WPI Dept. Head is Curator of Major Spanish Photography Exhibit

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WORCESTER, Mass. Lee Fontanella of Worcester, Mass., head of WPI's Humanities and Arts Department, is the curator of an exhibit of the work of the most important photographer to work in Spain in the 19th century.

"Un fotgrafo en la Espaa de Isabel II: Charles Clifford" ("A Photographer in the Spain of Isabella II") opens Nov. 20 at Madrid's Museo Espaol de Arte Contemporneo. Fontanella, who has studied Clifford's work for more than a decade, was commissioned by the Spanish government to act as curator and to write the accompanying catalog. He also designed the exhibit space and composed the wall plaques. He will be in Madrid from Nov. 14 to Nov. 24 to direct the hanging of the exhibit and for new interviews. He is currently writing a book (expected to be published next year) about the photographer.

A widely published scholar in 19th century Spanish studies and photography, Fontanella came to WPI in 1993 from the University of Texas at Austin, where he was a professor and head of the Department of Spanish and Portuguese. He holds a bachelor's degree from Williams College, a master's degree from New York University and a master's and doctorate from Princeton University.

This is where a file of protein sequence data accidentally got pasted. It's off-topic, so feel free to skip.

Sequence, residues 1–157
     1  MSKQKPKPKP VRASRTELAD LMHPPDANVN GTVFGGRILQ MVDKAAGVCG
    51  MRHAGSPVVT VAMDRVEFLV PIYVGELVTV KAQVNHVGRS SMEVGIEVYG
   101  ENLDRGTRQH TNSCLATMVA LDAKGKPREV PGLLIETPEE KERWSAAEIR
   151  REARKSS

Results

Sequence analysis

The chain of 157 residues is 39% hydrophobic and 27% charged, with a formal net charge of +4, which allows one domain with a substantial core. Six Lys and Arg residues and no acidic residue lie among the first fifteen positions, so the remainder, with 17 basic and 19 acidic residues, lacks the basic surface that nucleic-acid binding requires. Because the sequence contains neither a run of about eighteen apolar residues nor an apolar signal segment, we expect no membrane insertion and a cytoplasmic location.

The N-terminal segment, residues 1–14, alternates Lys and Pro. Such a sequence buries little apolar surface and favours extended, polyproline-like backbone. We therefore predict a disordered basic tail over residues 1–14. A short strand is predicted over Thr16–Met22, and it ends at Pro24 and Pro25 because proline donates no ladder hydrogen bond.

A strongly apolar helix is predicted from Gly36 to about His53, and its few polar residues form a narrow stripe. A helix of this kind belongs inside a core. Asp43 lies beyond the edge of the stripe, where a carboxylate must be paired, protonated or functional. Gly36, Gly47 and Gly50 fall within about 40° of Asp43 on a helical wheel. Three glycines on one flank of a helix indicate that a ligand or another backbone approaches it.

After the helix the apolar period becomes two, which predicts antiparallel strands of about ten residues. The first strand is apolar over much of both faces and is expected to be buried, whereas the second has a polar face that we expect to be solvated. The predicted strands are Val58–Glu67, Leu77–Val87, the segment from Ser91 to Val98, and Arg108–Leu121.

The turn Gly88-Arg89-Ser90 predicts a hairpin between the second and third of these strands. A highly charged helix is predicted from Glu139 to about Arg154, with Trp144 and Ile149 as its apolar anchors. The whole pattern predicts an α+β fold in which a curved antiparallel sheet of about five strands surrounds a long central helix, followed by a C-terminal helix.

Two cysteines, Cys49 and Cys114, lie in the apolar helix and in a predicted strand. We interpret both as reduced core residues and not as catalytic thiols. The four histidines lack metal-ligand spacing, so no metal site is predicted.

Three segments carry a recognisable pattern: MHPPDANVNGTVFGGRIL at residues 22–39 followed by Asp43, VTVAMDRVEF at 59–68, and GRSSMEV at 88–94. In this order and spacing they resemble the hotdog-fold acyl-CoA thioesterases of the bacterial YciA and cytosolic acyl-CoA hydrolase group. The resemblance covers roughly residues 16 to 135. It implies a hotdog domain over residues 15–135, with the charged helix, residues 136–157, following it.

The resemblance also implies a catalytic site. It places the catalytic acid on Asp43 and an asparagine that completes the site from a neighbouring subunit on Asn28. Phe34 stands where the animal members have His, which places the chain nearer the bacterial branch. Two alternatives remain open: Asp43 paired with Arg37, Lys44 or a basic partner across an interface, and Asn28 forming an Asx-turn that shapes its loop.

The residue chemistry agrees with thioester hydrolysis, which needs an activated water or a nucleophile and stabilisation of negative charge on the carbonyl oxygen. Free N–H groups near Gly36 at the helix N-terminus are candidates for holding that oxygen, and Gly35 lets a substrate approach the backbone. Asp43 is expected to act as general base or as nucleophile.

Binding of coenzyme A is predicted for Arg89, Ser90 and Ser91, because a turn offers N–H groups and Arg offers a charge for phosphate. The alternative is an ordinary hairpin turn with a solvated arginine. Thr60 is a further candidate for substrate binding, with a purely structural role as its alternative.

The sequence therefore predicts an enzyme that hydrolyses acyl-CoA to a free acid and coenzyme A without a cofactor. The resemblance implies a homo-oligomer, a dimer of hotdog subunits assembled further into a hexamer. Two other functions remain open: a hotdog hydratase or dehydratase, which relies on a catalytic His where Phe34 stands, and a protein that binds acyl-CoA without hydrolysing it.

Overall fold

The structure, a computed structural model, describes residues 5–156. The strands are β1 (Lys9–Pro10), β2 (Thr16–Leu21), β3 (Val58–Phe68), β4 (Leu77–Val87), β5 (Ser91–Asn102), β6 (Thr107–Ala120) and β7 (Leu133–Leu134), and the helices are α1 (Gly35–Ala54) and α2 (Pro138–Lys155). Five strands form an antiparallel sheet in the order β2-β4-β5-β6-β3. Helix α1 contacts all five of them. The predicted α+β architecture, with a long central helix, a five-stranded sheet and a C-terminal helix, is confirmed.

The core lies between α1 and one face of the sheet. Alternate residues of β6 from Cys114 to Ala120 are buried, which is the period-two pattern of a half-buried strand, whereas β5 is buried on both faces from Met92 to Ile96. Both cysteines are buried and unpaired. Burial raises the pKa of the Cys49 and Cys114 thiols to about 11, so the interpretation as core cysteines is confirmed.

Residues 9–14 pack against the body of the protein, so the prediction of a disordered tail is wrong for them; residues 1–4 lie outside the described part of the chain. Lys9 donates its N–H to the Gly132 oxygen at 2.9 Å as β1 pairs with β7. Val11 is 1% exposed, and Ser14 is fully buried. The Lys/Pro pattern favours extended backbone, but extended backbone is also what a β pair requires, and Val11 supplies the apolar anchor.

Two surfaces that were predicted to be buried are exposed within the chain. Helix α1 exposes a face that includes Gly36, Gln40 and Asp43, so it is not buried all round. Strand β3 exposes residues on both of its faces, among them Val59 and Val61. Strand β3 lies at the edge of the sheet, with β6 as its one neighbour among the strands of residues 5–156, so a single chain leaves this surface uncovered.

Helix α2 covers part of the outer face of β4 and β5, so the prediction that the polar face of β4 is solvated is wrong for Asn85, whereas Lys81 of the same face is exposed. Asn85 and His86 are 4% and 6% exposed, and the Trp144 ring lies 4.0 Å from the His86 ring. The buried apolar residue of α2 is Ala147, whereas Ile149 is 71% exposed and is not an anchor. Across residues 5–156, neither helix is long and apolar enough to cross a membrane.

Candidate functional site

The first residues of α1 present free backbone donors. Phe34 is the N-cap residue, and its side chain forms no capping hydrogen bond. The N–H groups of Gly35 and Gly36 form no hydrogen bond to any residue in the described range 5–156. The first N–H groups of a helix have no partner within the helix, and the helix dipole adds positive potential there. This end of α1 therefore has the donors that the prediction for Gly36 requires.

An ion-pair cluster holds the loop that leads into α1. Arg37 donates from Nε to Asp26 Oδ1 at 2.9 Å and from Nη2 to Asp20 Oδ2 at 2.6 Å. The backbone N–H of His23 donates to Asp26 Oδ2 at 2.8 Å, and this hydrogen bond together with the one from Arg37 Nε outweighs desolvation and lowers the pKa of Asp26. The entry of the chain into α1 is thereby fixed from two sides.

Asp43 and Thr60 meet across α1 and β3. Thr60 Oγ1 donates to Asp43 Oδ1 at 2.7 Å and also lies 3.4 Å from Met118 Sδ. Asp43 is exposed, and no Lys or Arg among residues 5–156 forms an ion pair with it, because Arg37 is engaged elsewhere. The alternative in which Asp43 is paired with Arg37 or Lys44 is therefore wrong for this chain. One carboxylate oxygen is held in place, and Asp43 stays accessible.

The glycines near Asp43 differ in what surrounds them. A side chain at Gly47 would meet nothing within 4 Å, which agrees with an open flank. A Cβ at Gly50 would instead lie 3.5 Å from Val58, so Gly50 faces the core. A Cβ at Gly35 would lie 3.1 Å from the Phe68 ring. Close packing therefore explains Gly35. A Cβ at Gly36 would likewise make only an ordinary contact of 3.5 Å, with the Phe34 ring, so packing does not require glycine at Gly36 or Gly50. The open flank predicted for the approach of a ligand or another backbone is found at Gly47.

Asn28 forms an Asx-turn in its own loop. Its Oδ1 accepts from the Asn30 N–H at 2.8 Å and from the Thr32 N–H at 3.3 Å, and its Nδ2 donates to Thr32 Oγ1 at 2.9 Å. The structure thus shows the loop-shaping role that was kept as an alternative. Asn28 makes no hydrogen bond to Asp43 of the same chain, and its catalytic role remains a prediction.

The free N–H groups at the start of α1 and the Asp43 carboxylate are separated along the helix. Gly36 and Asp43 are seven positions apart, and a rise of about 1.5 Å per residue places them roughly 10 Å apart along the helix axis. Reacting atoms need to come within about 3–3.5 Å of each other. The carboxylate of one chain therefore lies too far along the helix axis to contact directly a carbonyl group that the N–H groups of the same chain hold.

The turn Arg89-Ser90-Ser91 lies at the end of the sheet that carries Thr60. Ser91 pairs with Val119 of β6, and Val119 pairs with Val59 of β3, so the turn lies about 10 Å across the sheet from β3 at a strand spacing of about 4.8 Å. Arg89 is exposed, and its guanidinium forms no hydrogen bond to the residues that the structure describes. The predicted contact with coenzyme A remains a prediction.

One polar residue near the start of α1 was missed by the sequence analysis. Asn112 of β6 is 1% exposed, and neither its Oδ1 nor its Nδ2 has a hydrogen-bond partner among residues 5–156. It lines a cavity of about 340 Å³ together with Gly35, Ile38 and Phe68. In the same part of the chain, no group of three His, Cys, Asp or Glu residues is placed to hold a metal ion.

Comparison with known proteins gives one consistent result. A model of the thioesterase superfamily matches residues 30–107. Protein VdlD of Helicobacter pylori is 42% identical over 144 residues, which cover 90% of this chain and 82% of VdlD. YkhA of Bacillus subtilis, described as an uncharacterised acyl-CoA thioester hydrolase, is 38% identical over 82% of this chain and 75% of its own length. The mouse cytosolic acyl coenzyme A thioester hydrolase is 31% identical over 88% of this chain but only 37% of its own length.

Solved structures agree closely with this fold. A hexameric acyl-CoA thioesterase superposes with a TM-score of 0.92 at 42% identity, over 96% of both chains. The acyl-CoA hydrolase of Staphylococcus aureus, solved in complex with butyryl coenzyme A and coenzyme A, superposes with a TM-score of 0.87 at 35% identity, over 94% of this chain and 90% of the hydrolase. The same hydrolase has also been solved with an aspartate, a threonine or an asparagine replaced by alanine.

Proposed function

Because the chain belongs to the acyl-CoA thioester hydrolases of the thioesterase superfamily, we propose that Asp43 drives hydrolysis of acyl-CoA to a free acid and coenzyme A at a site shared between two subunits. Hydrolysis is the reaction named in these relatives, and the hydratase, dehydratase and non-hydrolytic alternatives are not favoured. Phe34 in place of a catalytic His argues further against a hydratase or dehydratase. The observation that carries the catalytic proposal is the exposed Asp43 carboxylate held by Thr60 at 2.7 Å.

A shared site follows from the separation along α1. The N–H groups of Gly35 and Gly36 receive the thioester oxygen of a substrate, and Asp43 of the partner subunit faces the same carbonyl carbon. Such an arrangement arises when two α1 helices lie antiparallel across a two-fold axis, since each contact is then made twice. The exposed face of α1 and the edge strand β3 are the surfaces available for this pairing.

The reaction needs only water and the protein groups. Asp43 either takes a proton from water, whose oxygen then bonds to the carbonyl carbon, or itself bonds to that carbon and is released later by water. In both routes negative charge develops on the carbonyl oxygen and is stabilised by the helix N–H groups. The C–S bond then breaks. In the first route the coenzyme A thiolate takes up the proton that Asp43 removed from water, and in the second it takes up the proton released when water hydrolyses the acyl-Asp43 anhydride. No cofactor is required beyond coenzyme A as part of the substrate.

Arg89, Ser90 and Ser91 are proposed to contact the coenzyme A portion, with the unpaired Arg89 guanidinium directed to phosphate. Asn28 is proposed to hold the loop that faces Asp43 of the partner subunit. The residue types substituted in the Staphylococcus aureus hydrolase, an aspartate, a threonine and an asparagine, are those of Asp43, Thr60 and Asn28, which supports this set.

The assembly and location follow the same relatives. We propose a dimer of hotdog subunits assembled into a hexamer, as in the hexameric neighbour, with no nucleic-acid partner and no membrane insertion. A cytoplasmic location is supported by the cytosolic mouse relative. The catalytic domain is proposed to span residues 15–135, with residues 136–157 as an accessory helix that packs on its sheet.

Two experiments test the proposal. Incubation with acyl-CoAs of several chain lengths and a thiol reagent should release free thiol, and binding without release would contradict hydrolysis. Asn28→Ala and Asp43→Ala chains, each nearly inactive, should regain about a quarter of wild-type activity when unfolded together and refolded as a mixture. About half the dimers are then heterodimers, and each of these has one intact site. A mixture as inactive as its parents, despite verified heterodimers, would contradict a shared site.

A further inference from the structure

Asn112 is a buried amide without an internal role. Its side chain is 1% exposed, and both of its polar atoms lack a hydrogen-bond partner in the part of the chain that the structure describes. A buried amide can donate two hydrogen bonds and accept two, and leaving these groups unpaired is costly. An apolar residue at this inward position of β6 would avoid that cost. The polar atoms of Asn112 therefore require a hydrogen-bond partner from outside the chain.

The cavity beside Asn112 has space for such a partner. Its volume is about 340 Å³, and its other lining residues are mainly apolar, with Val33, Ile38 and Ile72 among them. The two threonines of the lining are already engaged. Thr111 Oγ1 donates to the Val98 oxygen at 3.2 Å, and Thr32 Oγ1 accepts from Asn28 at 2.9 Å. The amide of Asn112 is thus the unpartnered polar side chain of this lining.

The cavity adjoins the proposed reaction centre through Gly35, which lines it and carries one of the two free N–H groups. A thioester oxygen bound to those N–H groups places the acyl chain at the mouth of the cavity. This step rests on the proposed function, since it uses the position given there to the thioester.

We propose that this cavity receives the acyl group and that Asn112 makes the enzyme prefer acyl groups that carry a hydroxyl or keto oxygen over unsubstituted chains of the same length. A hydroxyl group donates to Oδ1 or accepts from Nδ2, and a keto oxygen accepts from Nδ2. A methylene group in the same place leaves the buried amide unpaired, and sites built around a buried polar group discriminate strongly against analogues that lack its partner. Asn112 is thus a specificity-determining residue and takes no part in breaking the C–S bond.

Charles Clifford (1819-1863), who was born in South Wales, first went to Spain as an "aeronaut of aerostatic balloons," from which he attempted daguerreotypes to make aerial perspectives of urban sites. Then, while he photographed on waxed-paper negatives Spanish monuments and the architecture of Madrid, of the North and the Northwest, and of Granada and Sevilla in the South, he also ingratiated himself among members of the nobility and ultimately became the photographer of the public works sponsored by the crown, including the five-year construction of the waterworks that brought water into Madrid from a distant reservoir. He is most remembered as the photographer who traveled with the Spanish Royal Family and made a visual chronicle of their official journeys in the fall of 1860 and 1862. By the time of his death he had made hundreds of images on waxed-paper negatives and wet-collodion glass-plate negatives.

Fontanella has added an innovative twist to the exhibit: the role that Clifford's wife, Jane, played in his photographic undertakings"scrambles," Clifford called themand the news of how she carried on after his death in an atmosphere of commercial competition and in relation to the Spanish Crown and the South Kensington Museum.

The 124 photographs in the exhibit come from private collectors and galleries in the United States, England and Spain, and from the Konstmuseum of Gteborg, Sweden, the Boston Public Library, the Gilman Paper Company, Spain's National Library, the Harry Ranson Humanities Reseearch Center, the University of Texas at Austin, Madrid's Naval Museum, the Victoria and Albert Museum, Patrimony of La Alhambra and the Generalife, and the Royal Society of Bath. It is in these and in over a score of other collections that Fontanella has carried out his research on Clifford over the yearsthus making it possible for him to select the best and rarest images for the show. Some of the images in the exhibit are unique, as is the one extant daguerrotype by Clifford and certain of the albums he made.